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Jose Luis Ramirez

Jose Luis Ramirez (born approx. in 1960) is a Mexican national who was a boxer and a two time world Lightweight champion.

A native of Tamaulipas but a resident of Culiacan, Ramirez climbed slowly but steadily on boxing's rankings. In 1978, as a Featherweight, a young Ramirez lost by knockout in two to legendary three time former world champion Ruben Olivares.

After his move in weight to the Lightweights, Ramirez met another boxing legend inside a ring, when he fought Alexis Arguello. Ramirez dropped Arguello in round six, but lost a ten round split decision in Miami. He then faced Ray Mancini for the North American Lightweght belt, and lost a 12 round decision in Ohio. By then, Jose Luis and Julio Cesar Chavez were gymmates and friends.

On May 1 of 1983, Ramirez was given the chance at becoming world Lightweight champion for the first time, when he fought Edwin El Chapo Rosario at the Coliseo Roberto Clemente in San Juan, Puerto Rico, for the World Boxing Council's championship. Ramirez lost a close 12 round unanimous decision, but on November 4, of 1984, he and Rosario had a rematch, also in San Juan. With Rosario pinned against a corner and Ramirez attacking, referee Steve Crosson[?] stopped the bout in round four, after Ramirez had landed 17 straight punches, making Ramirez a world Lightweight champion for the first time, by a technical knockout.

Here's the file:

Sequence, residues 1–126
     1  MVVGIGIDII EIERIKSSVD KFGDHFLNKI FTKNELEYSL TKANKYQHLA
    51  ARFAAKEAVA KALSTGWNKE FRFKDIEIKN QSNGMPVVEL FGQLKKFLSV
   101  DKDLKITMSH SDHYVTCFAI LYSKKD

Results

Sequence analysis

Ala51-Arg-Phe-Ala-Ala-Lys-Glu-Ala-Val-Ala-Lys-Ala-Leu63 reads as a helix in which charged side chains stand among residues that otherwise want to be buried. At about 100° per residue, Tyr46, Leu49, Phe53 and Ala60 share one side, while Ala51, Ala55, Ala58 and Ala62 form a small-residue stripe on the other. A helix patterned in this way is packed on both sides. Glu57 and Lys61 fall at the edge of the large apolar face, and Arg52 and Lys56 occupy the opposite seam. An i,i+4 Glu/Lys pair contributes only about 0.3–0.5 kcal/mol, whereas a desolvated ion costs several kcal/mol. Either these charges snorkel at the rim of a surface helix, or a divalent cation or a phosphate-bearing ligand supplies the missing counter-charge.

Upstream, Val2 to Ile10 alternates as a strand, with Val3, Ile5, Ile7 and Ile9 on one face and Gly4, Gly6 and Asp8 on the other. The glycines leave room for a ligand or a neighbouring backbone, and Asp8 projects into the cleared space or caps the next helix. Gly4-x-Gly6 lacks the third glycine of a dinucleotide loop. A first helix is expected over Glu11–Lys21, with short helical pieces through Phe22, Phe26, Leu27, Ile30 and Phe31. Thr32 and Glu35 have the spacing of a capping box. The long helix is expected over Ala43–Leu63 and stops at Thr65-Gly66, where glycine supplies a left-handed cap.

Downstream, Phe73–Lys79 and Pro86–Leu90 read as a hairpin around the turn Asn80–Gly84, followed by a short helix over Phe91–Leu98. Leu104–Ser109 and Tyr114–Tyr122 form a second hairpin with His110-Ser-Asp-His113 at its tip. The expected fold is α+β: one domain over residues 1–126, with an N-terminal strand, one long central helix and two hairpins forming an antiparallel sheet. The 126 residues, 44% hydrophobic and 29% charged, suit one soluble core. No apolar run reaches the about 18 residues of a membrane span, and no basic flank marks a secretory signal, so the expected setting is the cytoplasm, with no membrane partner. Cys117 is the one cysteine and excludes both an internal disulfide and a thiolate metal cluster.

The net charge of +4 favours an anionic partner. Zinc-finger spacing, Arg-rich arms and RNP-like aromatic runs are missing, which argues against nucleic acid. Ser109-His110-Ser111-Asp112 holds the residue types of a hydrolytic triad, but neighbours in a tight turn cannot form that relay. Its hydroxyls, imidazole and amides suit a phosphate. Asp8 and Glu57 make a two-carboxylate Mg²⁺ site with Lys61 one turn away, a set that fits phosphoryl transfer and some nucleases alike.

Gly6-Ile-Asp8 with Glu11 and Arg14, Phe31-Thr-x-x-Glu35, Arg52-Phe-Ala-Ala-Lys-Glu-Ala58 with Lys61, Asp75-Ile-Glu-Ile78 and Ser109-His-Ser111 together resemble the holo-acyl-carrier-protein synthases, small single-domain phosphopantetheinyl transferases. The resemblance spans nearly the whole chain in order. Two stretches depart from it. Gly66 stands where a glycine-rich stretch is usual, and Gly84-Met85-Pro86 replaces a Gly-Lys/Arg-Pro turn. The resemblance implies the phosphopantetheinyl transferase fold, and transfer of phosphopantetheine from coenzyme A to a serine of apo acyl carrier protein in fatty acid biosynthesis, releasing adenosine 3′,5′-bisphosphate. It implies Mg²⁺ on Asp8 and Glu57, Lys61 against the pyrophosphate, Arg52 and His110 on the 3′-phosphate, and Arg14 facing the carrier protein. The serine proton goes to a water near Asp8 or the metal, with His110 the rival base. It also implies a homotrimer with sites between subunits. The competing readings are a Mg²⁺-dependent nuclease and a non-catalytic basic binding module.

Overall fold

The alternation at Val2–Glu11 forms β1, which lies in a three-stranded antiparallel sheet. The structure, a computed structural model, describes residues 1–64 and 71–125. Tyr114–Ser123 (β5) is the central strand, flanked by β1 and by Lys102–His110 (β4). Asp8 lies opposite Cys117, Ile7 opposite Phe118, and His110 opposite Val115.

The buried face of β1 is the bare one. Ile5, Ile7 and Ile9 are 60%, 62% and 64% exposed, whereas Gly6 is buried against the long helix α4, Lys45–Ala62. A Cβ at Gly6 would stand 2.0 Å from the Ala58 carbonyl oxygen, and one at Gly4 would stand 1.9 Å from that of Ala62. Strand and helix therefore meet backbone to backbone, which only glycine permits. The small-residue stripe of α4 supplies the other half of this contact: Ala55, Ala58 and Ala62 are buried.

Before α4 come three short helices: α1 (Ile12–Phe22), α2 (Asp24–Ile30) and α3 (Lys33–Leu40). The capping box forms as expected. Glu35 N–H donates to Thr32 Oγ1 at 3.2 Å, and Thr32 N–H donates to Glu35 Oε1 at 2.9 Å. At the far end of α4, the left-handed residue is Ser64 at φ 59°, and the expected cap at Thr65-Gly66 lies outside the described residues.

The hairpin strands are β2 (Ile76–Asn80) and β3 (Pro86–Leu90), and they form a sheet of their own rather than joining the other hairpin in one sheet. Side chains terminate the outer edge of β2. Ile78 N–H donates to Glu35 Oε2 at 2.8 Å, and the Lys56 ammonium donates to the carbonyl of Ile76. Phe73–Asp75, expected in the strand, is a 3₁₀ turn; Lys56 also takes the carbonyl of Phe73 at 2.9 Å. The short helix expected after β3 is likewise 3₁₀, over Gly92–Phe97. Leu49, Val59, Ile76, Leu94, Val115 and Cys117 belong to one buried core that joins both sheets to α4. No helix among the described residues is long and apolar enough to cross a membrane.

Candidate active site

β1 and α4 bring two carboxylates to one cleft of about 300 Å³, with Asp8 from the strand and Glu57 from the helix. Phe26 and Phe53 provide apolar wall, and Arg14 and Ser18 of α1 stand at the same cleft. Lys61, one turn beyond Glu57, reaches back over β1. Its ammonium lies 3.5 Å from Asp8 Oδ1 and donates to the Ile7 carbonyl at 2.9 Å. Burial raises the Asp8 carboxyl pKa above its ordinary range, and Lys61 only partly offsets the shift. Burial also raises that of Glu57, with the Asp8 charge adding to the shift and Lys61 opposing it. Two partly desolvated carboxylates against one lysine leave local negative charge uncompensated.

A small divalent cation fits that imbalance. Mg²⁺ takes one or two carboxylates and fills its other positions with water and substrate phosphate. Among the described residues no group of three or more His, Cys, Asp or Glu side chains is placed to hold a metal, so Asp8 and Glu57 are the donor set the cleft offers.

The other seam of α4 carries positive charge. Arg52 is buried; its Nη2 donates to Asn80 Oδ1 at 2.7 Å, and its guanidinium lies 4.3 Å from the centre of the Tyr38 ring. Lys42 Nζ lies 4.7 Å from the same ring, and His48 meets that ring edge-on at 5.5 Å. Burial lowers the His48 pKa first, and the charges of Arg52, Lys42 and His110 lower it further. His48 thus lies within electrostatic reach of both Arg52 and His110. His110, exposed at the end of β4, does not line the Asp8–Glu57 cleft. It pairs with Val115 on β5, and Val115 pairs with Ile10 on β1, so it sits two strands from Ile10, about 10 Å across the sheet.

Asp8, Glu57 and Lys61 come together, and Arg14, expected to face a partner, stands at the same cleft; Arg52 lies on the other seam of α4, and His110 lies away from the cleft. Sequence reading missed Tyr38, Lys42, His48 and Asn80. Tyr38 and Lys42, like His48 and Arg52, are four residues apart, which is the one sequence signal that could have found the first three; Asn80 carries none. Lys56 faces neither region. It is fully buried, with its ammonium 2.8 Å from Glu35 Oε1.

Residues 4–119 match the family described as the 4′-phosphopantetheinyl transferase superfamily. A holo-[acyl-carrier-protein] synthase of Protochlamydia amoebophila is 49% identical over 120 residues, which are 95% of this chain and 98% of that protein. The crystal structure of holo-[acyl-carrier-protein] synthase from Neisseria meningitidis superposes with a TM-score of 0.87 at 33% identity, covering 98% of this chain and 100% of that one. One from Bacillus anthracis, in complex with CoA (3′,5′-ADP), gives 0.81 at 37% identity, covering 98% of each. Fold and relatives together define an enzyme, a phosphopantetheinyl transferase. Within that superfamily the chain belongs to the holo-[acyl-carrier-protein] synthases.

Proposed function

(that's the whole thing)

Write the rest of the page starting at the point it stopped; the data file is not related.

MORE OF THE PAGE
Ramirez then went into training for a defense against Hector Camacho, another boxer from Puerto Rico. The fight was postponed when Camacho suffered a broken ankle during a pick up basketball game, but it finally came off on August 10, 1985. On his first fight telecast on HBO Boxing, Ramirez was dropped in round three and lost a 12 round unanimous decision.

Ramirez, a culturally intellectual person, moved to Paris soon after. There, he re-grouped, and was able to regain the WBC's world championship when Camacho left it vacant, by edging out Terrence Alli[?] with another close but unanimous 12 round decision. He defended the title various times, and then moved back to Mexico. Among the challengers he beat to defend the title was Pernell Whitaker[?], future multiple time world champion.

Back in Mexico, he and Chavez were neighbors. Chavez had lifted the World Boxing Association's world Lightweight championship by beating Rosario, and a unification bout between the two friends and neighbors was planned. Ramirez, who is a god-father to one of Chavez's sons, lost an 11 round technical decision to Chavez on October 27 of 1988, which marked the last day he would be a world champion.

In 1989, he tried to win the International Boxing Federation's belt from Whitaker, in Virginia, but he lost a 12 round decision. Then, in 1990, he went to Argentina, where he lost to Juan Martin Coggi[?] by a decision in 12 for the WBA's world Jr. Welterweight title. After that bout, he retired.

Ramirez is a member of the less recognized World Boxing Hall of Fame[?] in California, not to be confused with the more widely recognized International Boxing Hall of Fame in Canastota.

His exact record is unknown, as many of his fights were not recorded. It is believed, however, that he fought around 90 times, winning around 80 of them, with about 65 knockout wins.

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